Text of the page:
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THE PENSACOLA JOURNAL, TUESDAY MORNING, APRIL 8, 1SI3.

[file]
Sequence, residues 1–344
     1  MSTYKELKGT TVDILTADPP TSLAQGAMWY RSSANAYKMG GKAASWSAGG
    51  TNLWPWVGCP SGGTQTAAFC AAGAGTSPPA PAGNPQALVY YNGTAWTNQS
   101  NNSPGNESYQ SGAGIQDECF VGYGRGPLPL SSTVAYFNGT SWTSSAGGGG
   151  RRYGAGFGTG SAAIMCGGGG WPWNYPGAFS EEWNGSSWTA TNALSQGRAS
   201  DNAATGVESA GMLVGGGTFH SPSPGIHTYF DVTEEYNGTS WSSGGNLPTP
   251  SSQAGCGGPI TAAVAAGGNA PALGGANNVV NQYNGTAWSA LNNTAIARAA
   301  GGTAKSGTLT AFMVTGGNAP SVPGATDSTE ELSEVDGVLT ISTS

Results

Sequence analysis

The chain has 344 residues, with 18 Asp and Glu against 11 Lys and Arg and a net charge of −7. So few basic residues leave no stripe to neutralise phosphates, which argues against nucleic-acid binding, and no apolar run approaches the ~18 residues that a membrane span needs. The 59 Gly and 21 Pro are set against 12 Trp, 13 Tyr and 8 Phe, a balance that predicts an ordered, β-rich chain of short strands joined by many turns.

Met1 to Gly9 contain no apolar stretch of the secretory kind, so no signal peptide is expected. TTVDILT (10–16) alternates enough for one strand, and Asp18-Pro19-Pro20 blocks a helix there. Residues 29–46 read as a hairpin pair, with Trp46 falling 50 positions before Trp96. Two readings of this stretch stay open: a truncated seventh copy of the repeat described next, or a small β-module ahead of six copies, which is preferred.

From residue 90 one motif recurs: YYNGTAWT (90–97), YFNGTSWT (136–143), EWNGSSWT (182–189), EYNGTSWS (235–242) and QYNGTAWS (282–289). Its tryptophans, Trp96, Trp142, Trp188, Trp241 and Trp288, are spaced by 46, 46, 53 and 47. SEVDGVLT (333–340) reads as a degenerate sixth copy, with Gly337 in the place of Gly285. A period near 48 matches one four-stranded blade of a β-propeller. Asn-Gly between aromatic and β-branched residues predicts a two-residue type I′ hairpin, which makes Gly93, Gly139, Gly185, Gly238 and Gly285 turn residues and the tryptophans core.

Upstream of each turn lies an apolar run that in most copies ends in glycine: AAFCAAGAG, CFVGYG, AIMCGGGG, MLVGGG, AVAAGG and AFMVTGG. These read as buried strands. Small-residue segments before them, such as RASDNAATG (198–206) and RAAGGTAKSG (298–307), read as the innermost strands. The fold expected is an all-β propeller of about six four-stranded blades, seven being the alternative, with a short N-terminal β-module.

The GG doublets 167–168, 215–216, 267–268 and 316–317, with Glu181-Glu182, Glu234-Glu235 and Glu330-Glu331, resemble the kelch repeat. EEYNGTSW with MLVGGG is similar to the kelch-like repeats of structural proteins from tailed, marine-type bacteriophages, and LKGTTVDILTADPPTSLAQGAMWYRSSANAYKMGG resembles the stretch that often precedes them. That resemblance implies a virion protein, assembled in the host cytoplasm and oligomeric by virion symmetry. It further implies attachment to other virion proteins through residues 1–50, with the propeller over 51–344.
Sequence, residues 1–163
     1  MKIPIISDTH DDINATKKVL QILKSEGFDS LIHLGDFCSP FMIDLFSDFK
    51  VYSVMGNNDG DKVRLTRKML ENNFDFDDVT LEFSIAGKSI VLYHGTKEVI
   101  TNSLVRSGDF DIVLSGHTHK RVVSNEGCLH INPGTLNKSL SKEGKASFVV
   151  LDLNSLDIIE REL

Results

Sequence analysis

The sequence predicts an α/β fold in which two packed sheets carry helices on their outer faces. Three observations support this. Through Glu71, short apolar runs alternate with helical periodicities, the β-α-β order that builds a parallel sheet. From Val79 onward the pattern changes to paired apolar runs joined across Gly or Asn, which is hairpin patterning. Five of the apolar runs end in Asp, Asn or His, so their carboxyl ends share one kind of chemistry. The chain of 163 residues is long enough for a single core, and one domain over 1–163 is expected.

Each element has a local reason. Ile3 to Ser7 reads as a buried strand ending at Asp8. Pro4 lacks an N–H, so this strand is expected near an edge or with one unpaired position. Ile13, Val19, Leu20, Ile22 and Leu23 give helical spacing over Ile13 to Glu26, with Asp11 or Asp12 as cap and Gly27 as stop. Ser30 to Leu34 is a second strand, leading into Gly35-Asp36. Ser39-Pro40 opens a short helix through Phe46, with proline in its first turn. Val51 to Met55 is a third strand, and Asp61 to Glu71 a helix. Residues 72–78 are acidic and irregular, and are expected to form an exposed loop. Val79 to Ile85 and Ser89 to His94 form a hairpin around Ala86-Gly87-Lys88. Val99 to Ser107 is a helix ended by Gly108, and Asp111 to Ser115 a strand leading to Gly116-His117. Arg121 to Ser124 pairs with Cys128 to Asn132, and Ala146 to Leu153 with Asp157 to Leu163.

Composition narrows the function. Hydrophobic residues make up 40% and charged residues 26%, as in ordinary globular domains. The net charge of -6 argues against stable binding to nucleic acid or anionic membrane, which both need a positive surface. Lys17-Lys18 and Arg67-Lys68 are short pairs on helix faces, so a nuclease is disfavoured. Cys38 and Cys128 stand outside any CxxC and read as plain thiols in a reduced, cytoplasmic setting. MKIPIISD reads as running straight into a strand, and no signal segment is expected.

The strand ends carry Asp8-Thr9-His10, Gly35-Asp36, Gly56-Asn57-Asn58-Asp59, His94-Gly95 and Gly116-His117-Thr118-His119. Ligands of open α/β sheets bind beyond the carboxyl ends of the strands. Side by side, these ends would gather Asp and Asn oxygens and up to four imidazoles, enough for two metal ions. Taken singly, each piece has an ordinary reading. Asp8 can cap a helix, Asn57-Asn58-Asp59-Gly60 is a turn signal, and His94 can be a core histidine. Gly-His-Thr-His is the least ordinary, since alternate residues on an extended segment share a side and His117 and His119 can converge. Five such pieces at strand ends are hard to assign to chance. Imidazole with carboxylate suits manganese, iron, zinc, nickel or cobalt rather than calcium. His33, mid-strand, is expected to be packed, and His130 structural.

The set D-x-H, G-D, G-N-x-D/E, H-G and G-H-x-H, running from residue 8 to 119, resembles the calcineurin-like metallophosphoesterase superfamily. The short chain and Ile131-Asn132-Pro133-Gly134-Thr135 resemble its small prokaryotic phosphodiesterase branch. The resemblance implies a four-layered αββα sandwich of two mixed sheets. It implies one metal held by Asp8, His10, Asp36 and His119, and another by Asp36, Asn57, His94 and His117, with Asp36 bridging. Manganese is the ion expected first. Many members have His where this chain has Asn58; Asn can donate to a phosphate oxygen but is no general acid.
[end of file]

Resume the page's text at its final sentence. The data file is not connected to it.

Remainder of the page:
PRICE OF BAIT SEDBY EAST 'ASS DEALERS BAY EXTREME SCARCITY OF ,FISH, AND EVER-INCREASING DEMAND IS CAUSE OF THE ADVANCE FRESH BAIT 2 1-2 CENTS AND SALT BAIT 4 CENTS. Since the 10th of March the smack fishermen of Pensacola have been pay ing an Increased price for fresh and salt bait, the Increase ranging from a-half to one cent and was brought about by the East Pass fishermen, who posted a notice of the raise In price ia the fish houses previous to the tenth of last month. The fish used for bait are skip-Jacks and elwys. Fresh bait Is now 2 1-2 cents per pound, an Increase of a half cent, and salt bait Is sold for 4 cents per pound, an Increase of one cent. Owing to the extreme scarcity of all kinds of bait flsh. and the ever-Increasing demand for them, the East Pass fishermen say they are compelled to charge a little more for them. Turn Wheels of Legislation Toward Tariff (Continued from Page One.) this country Of person who live abroad. . S.1 00.000.000 IN REVENUE It Is estimated by members or tine ways and means committee that ap proximately $100,000,000 in revenue may 'be derived from this new tax, In cluding the corporation tax, that amount making up for the deficit In revenues to be derived from imports by virtue of the- greatly reduced tariff rates and the transfer to the free list of articles that are classed as necea-. saries of life. , . Incomes of -taxable persons snail in clude gains, profits and Income de rived from salaries, wages or compen saitional for personal service of what ever kind and in whatever form paid, or from professions, vocations, busi nesses, trade, commerce, or sales or dealings in property, also from In terest, rent, dividends, securities, In cluding Income (from property. Income from but not the value of property ac quired by bequest, devise or descent and also proceeds of life insurance policies paid upon death of persons Insured. . The hill allows as deductions in computing net Income all necessary expenses actually incurred In carrying on any business, not Including personal living or family expenses, interest ac crued and payable within the year by a taxable person on indebtedness; all national, state, county, school and municipal taxes, not including local benefit taxes; losses incurred in trades or from fires, storms or shipwreck not compensated by Insurance or other ivise; debts actually ascertained as worthless and charged ff;. also rea sonable allowance for wear and tear on property hurt, no deduction will be allowed for exjpense of restoration or improvements made to increase prop erty value. It exempts also, in competing In come, amounts received as dividends upon the stock of any corporation, joint stock company, association or In , urance company which is taxable wpon its net Income under the cor poration tax provision of the bill. EXCLUDES THE PRESIDENT. The bill excludes the compensation ' of the president of the United States during his term. Judges of the supreme oourt and inferior courts of the United .states, and compensation of all offi cers and employes of a state or any political sxfb- division thareof. It establishes a system of collection of the tax et Its source, requiring all persons, firms, co-partnerships, com panies, corporations, Joint stock com panies, associations or Insurance com- ' uanies, and1 all trustees, executors, ad- RA ijm SHOES A big business permits of a big saving in the buying of materials and in manufacturing. It is these economies that add the qual ity to McElwam Shoes, Men. Shoes at $3, $330. Boys' Shoes at $2.50; $3 Little Boys "Slices at $2. $230 V. H. McEIwain Company BOSTON 71 s u Molt The most appetizing, healthful and nutritious of foods. Hot biscuit made with impure and adulterated baking powder are neither appetizing nor whole some. It all depends upon the baking' powder. Take every care to have your biscuit made with Royal Baking Powder, the only baking powder made from Royal Grape Cream of Tartar, which is chemically pure, if you would avoid indigestion. The very best receipts for hot biscuits and griddle cakes will be found in the ROYAL COOK BOOK 580 RECEIPTS FREE Send Address ROYAL BAK1MO POWDE CO., NEW YORK. mmistrators, receivers, etc., and of ficers and employes of the United States having the control or disposal of salaries, wages, interest and other profits and income of another person, to withhold and pay to the collector of Internal revenue the amount of income tax due from such persons. All such persons or firms are made personally liable for such tax. Pertons or corporations liable to make return on incomes who fall to do so at a speed fled time, are made Mable to a fine not exceeding $500 and the penalty for false or fraudulent re turns is fixed t $1,000 or taupTison ment not exceeding one year, or tooth. "In formulating this ' additional Im post, said Chairman Underwood in his report, "the attempt has been made to provide not only a source of reventue but also a means of redress ing in some measure the unequal tax burdens which result from the prac tice of placing the federal income en tirely upon customs and internal reve nue duties. This Is a system of tax ation which inevitably throws the bur den of supporting the government upon the shoulders of the consumers. It correspondingly exempts tho men of larger 'income, whose consumption of the ordinary necessaries of life is sub ject to tariff taxation in a far less ag gregate degree than is that of smaller Income earners who expend the great er proportion of their resources for the ordinary necessaries of life." Speaking of the principle of taxa tion laid down and the graduated sys tem proposed, Mr. Underwood de clared: "The progressive principle already has been sustained by the supreme court of the United States in the In heritance tax cases and there can be no doubt that the same principle ap plies to the income "tax included in this bill and will be fully upheld should it $4. $4.50 malccs ii ciio mis MseiniM ever be called into question. Owin to fects in personal property taxation the larger incomes in the United States (have for many years been able to escape with less than their share of the general burden of taxation and this Inequality will be, it, is believed, in part overcome by the plan pro posed." . . . The bill provides that all taxable persons shall be notified of the amount for which they are liablo under the Jaw on or before tire first day of June, o' each year and assessments be paid on or before June 30. For delay In making payments, and ten days after notice, there shall be added the sum of five per cent on the amount of tax unpaid and interest at the rate of one per cent a month from the time the (tax falls due. The corporation tax provisions, it Is directed, shall be computed on the in come for the year ending December 31, 1913, and for each calendar year thereafter. It is provided, however, that corporations may designate the last day of any moroth as the day of the closing of the fiscal year and may have the tax computed on, the basis of net Income ending on its designated day. AH labor, agricultural, horticul tural, fraternal, religious and mutual benefit societies are made exempt from this proposed tax. THE FREE LIST. Removal of all tariff from many ar ticles of food and clothing; broad reduc tions in the rates of duty on all neces saries of life; an Increase of tariff on many luxuries; and a new Income tax that would touch the pocket of every American citizen whose net income ex ceeds $4,000 are the striking features of the new democratic tariff . revision bill presented today to the house. Sugar would be free of duty In 1916, the bill proposing an immediate 25 per cent reduction and the removal of the re maining duty in 1910. Raw wool would be made free at once with a correspondingly heavy reduction in the tariff on all woolen goods. All these other articles are put on the free list, namely: Meats, flour, bread, boots and shoes, lumber, coal, harness saddlery, iron ore. milk and cream, po tatoes. Bait, swine, corn, commeal. cot ton bagging, agricultural implements leather, woodpulp. Bibles, printing paper not worth more than 2 1-2 cents per pound, typewriters, sewing machines, type-setting machines, cash registers, steel rails, fence, wire, cotton ties, nails, hoop and band iron. fish, sulphur, soda" tanning materials, acetic and sulphuric acids, borax, lumber products Including broomhandles. clapboards. hubs for wheels, posts, laths, pickets, staves, shin, gles. Thee principal items are taken from the free list and taxed: Diamonds and precious stones, furs coal tar products 10 per cent; volatile oils 20 per cent; spices from 1 cent to 2 cents per pound. $80,000,000 REDUCTION. The new rates are estimated to reduce the customs revenue approximately $30 -000,000 a year. This is expected to be made up by the Income tax. Endorsed by President Wilson," the measure represents the efforts of the president and the house tariff makers to carry into effect democratic pledges of downward revision and of concessions to the American consumer. x Protection to the farmer would be cut throughout by more than 50 per cent In an effort tp reduce the cost of food Protection to the steel and Implement manufacturer would in turn be cut by fully as wide a marsin. Heaviest reductions fall upon foodstuffs agricultural products, woolen and cotton clothing. The free wool proposal, backed by Pres ident "Wilson and accepted bv the house committee, is expected to provoke a, se vere fight within the democratic rank's of both houses. It had not become clear to day whether the democratic opponents of free wool and free sugar in the senate would be able to force a compromise on one or both those provisions. The decision to make a gradual reduc tion in the supar tariff was reached bv the president and the house committee after Louisiana cane growers declined to accept a compromise that would have established a one cent per pound tariff for three years with free susar in 1916. THE INCOME TAX. The income tax which will transfer in direct taxes levied throusrh the tariff into a direct tax upon the incomes of indi vidual citizens and corporations, exempts all sums below $4,000. Incomes in excess of that amount will pay 1 per cent tax up to $20,000 2 per cent from $20,000 to ONE OF ACOSTA'S HOBBIES IS RULE OF THE PEOPLE; ANOTHER DEATH PENALTY FOR BURGLARS BY FRANK L. HUFFAKER Tallahassee, April 7. -Representative St. Elmo Acosta, of" Jacksonville, Is against burglars whether they be of the political or hold -up-your -hands variety, and is fighting both classes. One of Acosta's hobbies is the rule f the people of Jacksonville in every phase of politics, as against corporate domination, and another is the hang ing of the other type of burglars. He $50,000 3 per cent from $50,000 to $100,000; and 4 per cent above that figure. The present corporation tax. levying 1 per cent on corporation incomes above $5,000 would be retained as part of the income tax. To encourage trade with foreign coun tries, the bill would reverse the maximum and minimum provision of the present tariff law. The new tariff rates would be the maximum tariff and the president would be given authority to negotiate reciprocity treaties and make concessions to countries that grant favors to Ameri can exports. In a statement accompanying the bill Chairman Underwood said the measure would. In the opinion of its makers, re vise the tariff "to a basis of legitimate competition, such as will afford a whole some influence on our commerce, bring relief to the people In the matter of the high cost of living and at the same time work no detriment to properly conducted manufacturing industries." "In its tariff revision work the com mittee has kept In mind." he said, "the distinction between the necessities and the luxuries of life, reducing the tariff burdens on the necessities to the lowest points commensurate with revenue re quirements and making the luxuries of life bear their proper portion of the tariff responsibilities. Many items of manufacture controlled by monopolies have been placed on the free list." UNDERWOOD'S STATEMENT. Chairman Underwood's statement giv ing the changes in detail continues as follows: "In the chemical schedule the rates on certain commodities show heavy reduc tions. For Instance, boraoic acid Is cut from 78.70 per cent to 21.43 per cent, glue from 35.06 per cent to 14.29 per cent and red lead from 60.35 per cent to 25 per cent. Moderate reductions have been made on medical preparations which are cut from 25 per cent to 16 per cent, blacking from 25 per cent to IS per cent, drugs from 12.65 per cent to Id per cent, and oliva oil from 35,18 per cent to 21.05 per cent. The schedule contains a num ber of articles on which either no reduc tion has been made or an advance pro vided for. "Rates on all brick have been cut on an average from 30.23 per cent to 10.28 per cent, tile from 47.84 per cent to 23.56 per cent, asphalt from 37.05 per cent to 9.63 per cent. Ordinary earthenware, which was already relatively low, being subject to an average duty of 24.67 per cent, has now been cut to 15 per cent, while window glass has been given an average reduction on all glasses of from 46.3S per cent to 23.31 per cent. Plate glass, which may be considered a luxury, still retains a duty of nearly 40 per cent, the average being 3S.45 per cent, in place of the duty of 63.95 per cent In the law. "Pig iron and slabs, which were 16.3a per cent and 17.79 per cent have been cut to 8 per cent In each case; beams from 23.20 per cent to 12 per cent and forgings from 30 per cent to 15 per cent. On the other hand, bicycles. much more highly manufactured product, are dutiable at 25 per cent as against 45 per cent and rasora at 35 per cent as against 77.68 per cent. . "The Idea of the large extension of the free list for the unmanufactured products has been the fundamental conception, while the effort, has been made to im prove the status of the manufactured lumber. Thus sawed boards, other than cabinet wood have been carried to the free list while sawed cabinet woods, which were 12.75 per cent in 1912 are now 10 per cent; casks barrels, etc.. which were 30 per cent .are now 14.77 per cent and house furniture, which was 35 per cent is now 15 per cent. "Tobacco and spirits have been found to be good producers of revenue and have, therefore, been left at the same rates as in the present law. RELIEVE THE CONSUMER. In the effort to relieve the consumer and to mitigate the high and rising cost of living, schedule O. which deals with agricultural products has been thoroughly revised and important reductions have been made. For instance, the duty on horses has been reduced from 25 per cent to 10 per cent, cattle from 25.07 per cent to 10 per cent, sheep from 16.41 per cent to 10 per cent, cattle from 25.07 per cent to 10 per cent, sheep from 16.41 per cent to 10 per cent, barley from 43.05 Ir cent to 23.07 per cent, macaroni from 34.25 per cent to 23.81 per cent, hay from 43.21 per cent, figs from 51.63 per cent to 42.10 per cent, lemons from 68.85 per cent to 24.03 per cent, live poultry from 13.10 per cent to 6.67 per cent and vine gar from 33.03 per cent to 17.39 per cent. Other changes are in proportion and the general effect has been to reduce in a very material proportion the heavy taxes upon imported foodstuffs. "In scehudle' I, dealing with cotton, comparison of the principal Items show redactions on cotton thread from 31.54 per cent to 19.29 per cent, on spool thread from 22.95 per cent to 15 per cent on cotton cloth from 42.74 per cent to per cent, on water-proof cloth from 50. 66 per cent to 25 per cent, on ready-made clothing from 50 per cent to 30 per cent on collars and cuffs from 64.03 per cent to 25 per cent, on plushes from 61.40 per cent to 40 per cent, on handkerchiefs from 59.27 per cent to 30 per cent, on stockings from 75.3S per cent to 50 per cent, on gloves from 89.17 per cent to 33 per cent, on underwear from 60.27 per cent to 25 per cent, and on cotton damask from 40 per cent to 25 per cent. "Flax, hemp and their products have been similarly dealt with. Raw flax and raw hemn have been reduced from $22.40 and $22.50 per ton. respectively, to $11.20 each. Jute yarns have been cut from 26.90 per cent to 15 per cent, cables and cor dage from 6.43 per cent to i.Xo per cent; DODSON'S LIVER TONE GIVES EASY RELIEF FOR CONSTIPATION A Liver Remedy that Replaces Calomel and Causes No Restriction . of Habit or Diet. It is a mistake o take calomel when your liver 4s lazy and needs toning up. Hundreds of people in tfcis section have discovered that God son's Iiver Tone is a thousand times better and safer and its action is just as sure. There are none of the bad after-effects of calomel to Dodson's Liver Tone and no danger of saliva tion. For attacks of constipation or bil iousness one or two spoonsful of this mild, pleasant tasting vegetable liquid Pensacola Cabinetworks Everything Rlade of Wood" Phone 399 32-38 West Main Street willntroduce a bill providing for the death penalty for "burglars and hopes to pass 4t. His btill will be. the same as that In force in North Carolina. "When a crook enters your house for the purpose of robbing you dur ing the night hours," says the Jack sonville man, "he Is prepared to shoot you if you attack him, and has. every advantage of his victim. He is a mur derer at heart and should be treated as stw-h." oil cloths for floors from 44.29 per cent to 15 per cent, handkerchiefs from 60 per cent to 35 per cent "Schedule K. dealing with wools and wool manufactures has .been the center of criticism for many years and the com mittee has given it very careful study. The result has been to make raw wool fre of duty, to reduce yarns from 79.35 per cent to 20 per cent, blankets from 72.69 per cent to 25 per cent, flannels from 93.29 per cent to 86 and 35 per cent .dress goods from 89.70 per cent to 35 per cent, clothing from 79.66 per cent to So per cent, webbings, etc from 82.7 per cent to ZSr per. cent and carpets from rates ranging from 60 per cent to 82 per cent to rates ranging from 20 per cent to 35 per cent "Inasmuch as silk and silk goods are distinctly to be classed as luxuries, it has been deemed wise to make only very moderate reductions in the rates of duty. Partially manufactured goods has been cut from 21.01 per cent to 15 per centj spun silk yarn from 37.09 per cent to 3s per cent, sewing: silk from 35 per cent to 15 per cent, silk goods from 62.68 per cent to 50 per cent, silk handkerchiefs (plain) from 60 per cent to 40 per cent, ribbons from 60 ner cent to 40 Der cent, artificial silk yarns from 41.79 per cent to 35 per cent and braids. emDroiaeries ana me like of artificial; silk from 68.49 per cent to 60 per cent. "Print paper, whose cost of production Is as low in this country, under favorable conditions as it is anywhere in the world. has been transferred to the free list when worth less than 2 1-2 cents per oound while the higher grades have been given a tariff of 12 per cent in place of 15.80 per cent, uopymg paper nas Deen cut from 42.32 per cent to 30 per cent bag envelopes, etc., from 49.92 per cent to 35 per cent, parchment papers from 47.82 per cent to 35 per cent, photographic paper from 28.99 per cent to 25 per cent, writing paper from 45.13 per cent to 25 per cent, common wrapping paper from 45.13 per cent to 25 per cent, and books from 25 per cent to 15 per cent. "Trimmed hats are given only a mod erate reduction, being cut from 50 per cent to 40 per cent, while brooms are substantially reduced, being cut from 40 per cent to 15 per cent. Jewelry has been but slightly reduced, falling from 75.74 per cent to 60 per cent. A good illus tration of the attitude adopted with re spect to the application of the tariff is seen in he item, precious stones uncut, which are given a rate of 10 per cent notwithstanding they were on the free list under the act of 1909. "Where the tariff rates balance the difference In cost of production at home and abroad, including an allowance for the difference in freight rates the. tariff must be competitive and from that point downward to the lowest tariff that can be levied will continue to be competitive to a greater or less extent. Where com petition is not interfered with by levying the tax above the highest competitive point, the profits of ihe manufacturers are not protected. "On the other hand, when the duties levied at the custom house are high enough to allow the American manufac turer to make a profit before his com petitor can enter the field, we have in vaded the domain of the protection of profits. In the committee's Judgment the protection of any profit must of necessity have a tendency to destroy competition and create monopoly whether the profit protected Is reasonable or unreasonable. "Which course is the wiser one for our government to take? The one that demands the protection of profits, the continued policy of hothouse growth for our industries the stagnation of develop ment that follows where competition ceases or on the other hand the gradual reduction of our tariff to a basis where the American manufacturer must meet honest competition; where he must de velop his business along the best and most economic lines; where when he fights at home to control his "market he is forging the way In the economic de velopment of his business to extend his trade in the markets of the world The future growth of our great Industries lies beyond the seas." HAIR IMPORTERS READY-TO RETURN TO NEW YORK New Orleans, April 7. Antonio Mu sloa and his three sons. New York hair exporters, today withdrew their appli cation for a writ of habeas corpus re cently filed with the federal district court here, and announced they were ready to return to New York. Detec tives from New York have been here for some time waiting to take them back, but the filing of habeas corpus proceedings delayed their return. The father and his sons are charg ed with fraud in connection with the exportation of human hair. CRIMINAL OF NOTE IS ARRESTED IN COLORADO Greely, Col., April 7. County au thorities believe they have arrested one of the best known criminals of the United States. The man. 50 years of age, was arrested yesterday at Frederick, west of this city, chars' d with passing a worthless check. He has used the names of R J. Spencer and J. C. Jordan in this vicinity. Po lice here say he Is wanted in Louis iana, New York, and other states. are enough and all druggists are glad to give a (Personal guarantee that -very bottle will do all that is claimed for it. Money back in Oi.y case where it fails. Eodsons Liver Tone costs only 50 cents for a large feottle. Rememiber the name because there are any nam fcer of remedies sold in imitation of Eodson's claims. Some of them hae names very similar to Dodson's Liver Tone and are in same color package. These imitations are not guaranteed and may bo very narrofuJ. Go to your own. druggist whom ycu know and you will surely get the genuine. Balk ccm Lotus' Co. , (adv.) Welcome to "Hans Across The Sea," Aii0 m 10c tin. Here he comes in smiling glee. His ship is a cup, his paddfe a spoon, You see, he's bound to get here soon. Swiftly and surely he skims the wave, Van Houten's Rona his cargo brave, And he says to himself, "I surely think American children will like this drink!" OJrvs L I f I I i J IMPORTED DUTCH . i 1 1 1 HBMMSSHMHiBSSBSSSS ' HOTEL FLANDERS . JUST OFF BROADWAY 133-137 West 47th St.. NEW YORK CITY The right kind of a hotel in the right locality. In the heart of tha theatre district and adjacent to the shopping centres. Positively fire proof. Excellent cuisine and an exceptional orchestra. A large addition Just completed, containing library, grill and blllard hall. Handsomely Furnished Rooms, Private Bath. $1.50 per Day Upward. From Grand Central Station, cars ..marked "Broadway" without trans fer; Pennsylvania Station, 7th Av. cars without transfer. Booklet upon re quest. H. R. SHARES, PROP. WEST FLORIDA'S Oldest Largest Strongest Banking Institution THE FIRST NATIONAL BANK of Penaacola, Florida, Designated Depository of tn united States. DIRECTORS! r. C. Brant. W. A. Blount. W. H. Knowies. W.. J. Forbe. Thoa. W. Brent. ALOIMZO RICHARDSON 8l COMPANY Certified Public Accountants A Staff of Thoroughly Qualified Accountants. Whose Experience Enables Them to Make a Critical Analysis of Books and Accounts. Empire Building ATLANTA Correspondence Jflo'IZt de?ansscT4TIie Burrow Press tributes to dissatisfaction when they wake. See us DIRECTORY ROSE ZUNG PUBLIC STENOGRAPHER. OFFICE 401 American National Bank , Building. TELEPHONE 902. L. C. Phillips, Ph. M. M. D. HOMEOPATHIC PHYSICIAN. Diseases of children and general prac tice. If you have not taken Homeopathic Medication for your complaint, your best effort Is yet to be made. Office 308-309 Blount Bldg. Phone 69. Residence 1122 East Gadsden. Phone 1614. DR. J. L. INGRAM. CLASSES CORRECTLY FITTED. LENSES DUPLICATED WHILE YOU WAIT. 10 South Palafox. With Will C. Diffenderfer. T. G. YATES. "M. D. Optician. 410 Blount Building. Twenty years' experience aa an Eye Specialist. Examination free. DR. J. B. TILLER, DENTIST 310 Blount Building. Office Phone 86. Realdance Prone 41. TOHN S. BEARD Attorney and Counsellor at Law. Practice In all the courts, state and federal. Of. fices, 400-401 Thlesan Building. Pensacoia. Florida. LEE LUMBER CO., Buildine Materials. Estlmats Chrfully Furnished Mill and Office, Cor. Gregory and 13th Avenue. Phone 310. JOHN THOMPSON Shoe repair shop.. Ladies' and Men's Shoes neatly repaired while you wait QuicW delivery. Goods called for and delivered. 41 South Palafox street Phone 778. MAYES PRINTING CO. PRINTERS FOR PARTICULAR PEOPLE. 17-19 West Government St. Phone 181. Subscribe for The Journal. 11 lV..i Halt pound tins 25c Nfi American National Bank Bldg, Solicited. PENSACOLA, FLA. ( next. (Incorporated.) Phone 94. Buy Your Meats From the Palafox Market and save 20 to 30 per cent on your bills. W. T. Waters. A. J. Keynton. 117 N. Palafox. Phone 193. THE PENSACOLA t STATE BANK CO-OPERATES WITH -ITS DEPOSITORS. THE SAME ATTENTION GIVEN TO LARGE AND SMALL ACCOUNTS, - aiafox and Garden Sts. "WANTED, A NAVAL POLICY," SUBJECT OF DISCUSSION "Washington, April 7. "Wanted A naval policy." will be the ruling theme When the iXavy League of the United States meets here Thursday In Its eighth annual convention. The con vention will be In session three days and General Horace Porter; president of the league, will preside. Assistant Secretary of the Xavy Franklin XX Roosevelt will open tho convention -with an. address of wel come. Other speakers include Captain John Hook, a member of the navy general board, and Perry Belmont, of New York, who will discuss the neces sity for a "council of national de fense." The consolidation of navy yards an 3 a reformed system of promoting naval officers will be taken up Friday. Fri day night the annual banquet ci th league will be held, at which Secrjlary Daniels will he the guest of honor. Vice-President Marshall also will a guest- Saturday will be given over to the demonstration of the assembling from the furnaces of the different parts of a fourteen-inch gun and the testing of battleship models at the Washington navy yard. A trip to Mount Vernon will follow. J